Whenever I see the wild deer I am always reminded of the Goddess Sadbh [Sive] for these to me are her special creatures, that is if any animals can be deemed ‘special’. Sadbh is I think a most likeable personage, so very nimble and lithe in her cloak of green as she fits through the woodlands nurturing the wildlife that share her home.
Many of Ireland’s wild Fallow Deer escaped in the early 20th century from private park lands and supplemented the old wild herds introduced by the Norman's soon after their arrival in 1169.
They are now our most widespread species of deer and are found in most woodlands countrywide, both hill and lowland.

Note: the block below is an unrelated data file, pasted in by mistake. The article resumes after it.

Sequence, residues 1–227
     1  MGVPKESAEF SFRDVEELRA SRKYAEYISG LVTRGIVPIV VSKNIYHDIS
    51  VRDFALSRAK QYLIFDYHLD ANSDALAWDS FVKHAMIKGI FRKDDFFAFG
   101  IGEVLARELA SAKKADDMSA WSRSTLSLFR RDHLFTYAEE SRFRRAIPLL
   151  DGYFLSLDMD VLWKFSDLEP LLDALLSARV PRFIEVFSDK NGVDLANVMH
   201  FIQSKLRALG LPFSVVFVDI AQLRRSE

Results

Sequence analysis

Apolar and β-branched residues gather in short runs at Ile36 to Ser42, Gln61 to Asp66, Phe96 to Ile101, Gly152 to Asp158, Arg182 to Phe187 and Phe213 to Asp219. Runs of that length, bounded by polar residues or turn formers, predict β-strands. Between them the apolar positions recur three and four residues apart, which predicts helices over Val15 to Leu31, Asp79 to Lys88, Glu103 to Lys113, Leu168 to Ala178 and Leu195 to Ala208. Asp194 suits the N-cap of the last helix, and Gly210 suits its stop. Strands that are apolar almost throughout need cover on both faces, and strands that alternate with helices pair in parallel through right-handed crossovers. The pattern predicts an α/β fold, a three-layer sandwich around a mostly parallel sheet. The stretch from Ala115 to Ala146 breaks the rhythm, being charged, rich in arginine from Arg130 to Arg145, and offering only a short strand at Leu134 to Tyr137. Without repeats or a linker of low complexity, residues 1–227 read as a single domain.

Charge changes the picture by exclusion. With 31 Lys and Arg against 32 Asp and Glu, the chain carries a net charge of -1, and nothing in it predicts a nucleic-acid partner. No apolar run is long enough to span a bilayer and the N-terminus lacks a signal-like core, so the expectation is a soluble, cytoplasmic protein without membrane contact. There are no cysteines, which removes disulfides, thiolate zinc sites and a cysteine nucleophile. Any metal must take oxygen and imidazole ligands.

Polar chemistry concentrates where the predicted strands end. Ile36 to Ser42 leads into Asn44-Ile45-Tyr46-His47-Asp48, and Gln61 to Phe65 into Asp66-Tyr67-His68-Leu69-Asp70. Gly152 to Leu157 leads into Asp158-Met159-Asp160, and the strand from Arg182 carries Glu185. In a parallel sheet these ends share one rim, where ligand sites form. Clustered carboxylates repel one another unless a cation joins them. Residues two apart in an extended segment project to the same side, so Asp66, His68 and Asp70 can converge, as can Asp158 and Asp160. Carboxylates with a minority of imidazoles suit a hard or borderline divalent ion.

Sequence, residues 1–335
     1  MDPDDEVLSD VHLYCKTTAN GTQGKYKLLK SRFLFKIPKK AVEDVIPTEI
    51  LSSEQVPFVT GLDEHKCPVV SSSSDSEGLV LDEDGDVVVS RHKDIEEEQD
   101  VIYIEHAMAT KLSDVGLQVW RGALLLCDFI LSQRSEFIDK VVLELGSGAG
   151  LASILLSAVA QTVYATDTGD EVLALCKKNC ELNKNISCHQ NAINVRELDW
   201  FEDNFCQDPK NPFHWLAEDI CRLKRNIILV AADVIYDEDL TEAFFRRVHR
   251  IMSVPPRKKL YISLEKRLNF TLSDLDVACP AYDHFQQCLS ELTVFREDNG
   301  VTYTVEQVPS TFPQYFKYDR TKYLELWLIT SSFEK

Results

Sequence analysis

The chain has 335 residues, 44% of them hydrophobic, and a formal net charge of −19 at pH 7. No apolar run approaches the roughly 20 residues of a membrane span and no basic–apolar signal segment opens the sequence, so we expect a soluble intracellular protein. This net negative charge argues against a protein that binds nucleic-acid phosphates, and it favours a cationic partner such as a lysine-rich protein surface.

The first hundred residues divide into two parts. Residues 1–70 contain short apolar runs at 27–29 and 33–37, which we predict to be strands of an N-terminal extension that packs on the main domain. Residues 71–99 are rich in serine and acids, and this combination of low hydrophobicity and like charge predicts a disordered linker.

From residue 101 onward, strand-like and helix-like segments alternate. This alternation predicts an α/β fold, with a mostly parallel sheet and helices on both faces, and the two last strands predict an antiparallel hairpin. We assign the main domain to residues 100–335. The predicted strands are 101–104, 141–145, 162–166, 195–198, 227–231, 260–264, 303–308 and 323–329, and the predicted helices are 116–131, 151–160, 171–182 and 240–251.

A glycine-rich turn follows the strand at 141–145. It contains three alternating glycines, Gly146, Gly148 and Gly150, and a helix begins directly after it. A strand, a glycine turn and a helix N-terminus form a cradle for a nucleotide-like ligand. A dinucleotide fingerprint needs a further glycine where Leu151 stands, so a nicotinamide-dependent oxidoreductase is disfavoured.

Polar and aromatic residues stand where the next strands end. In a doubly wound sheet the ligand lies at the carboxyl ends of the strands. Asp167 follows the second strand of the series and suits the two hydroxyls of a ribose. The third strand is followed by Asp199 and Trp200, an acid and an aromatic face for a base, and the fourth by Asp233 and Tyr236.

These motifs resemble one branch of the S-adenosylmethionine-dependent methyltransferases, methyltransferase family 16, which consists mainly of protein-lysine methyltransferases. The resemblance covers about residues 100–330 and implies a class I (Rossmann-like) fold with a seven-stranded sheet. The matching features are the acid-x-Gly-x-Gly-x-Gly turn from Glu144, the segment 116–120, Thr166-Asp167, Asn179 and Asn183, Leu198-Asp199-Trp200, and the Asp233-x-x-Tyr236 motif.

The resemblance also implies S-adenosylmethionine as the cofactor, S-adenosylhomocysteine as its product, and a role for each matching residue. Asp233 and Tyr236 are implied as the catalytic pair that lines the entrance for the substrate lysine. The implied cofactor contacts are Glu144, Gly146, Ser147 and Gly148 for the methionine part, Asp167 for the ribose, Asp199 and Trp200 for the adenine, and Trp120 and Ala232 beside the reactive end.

One of their favourite foods are the wild Bilberries that grow on the mountainsides, intermingled with the heather blossom. I was told as a young lad that where you see bilberries there are deer - perhaps they help to spread the seeds after digesting the berries.
The bilberries are a lot smaller than blueberries
but just as tasty especially as they are free!
These lads have a very keen sense of smell and are acutely aware of any foreign sound. One has to tread very warily making as little noise as possible to photograph them, otherwise they are off as quick as lightening, deep into the forest and you will not see them again.
I was very fortunate in being able to photograph the deer that you see here, that the wind was on my face and that even though they were perhaps aware of my presence I kept very still and managed to blend in with the trees.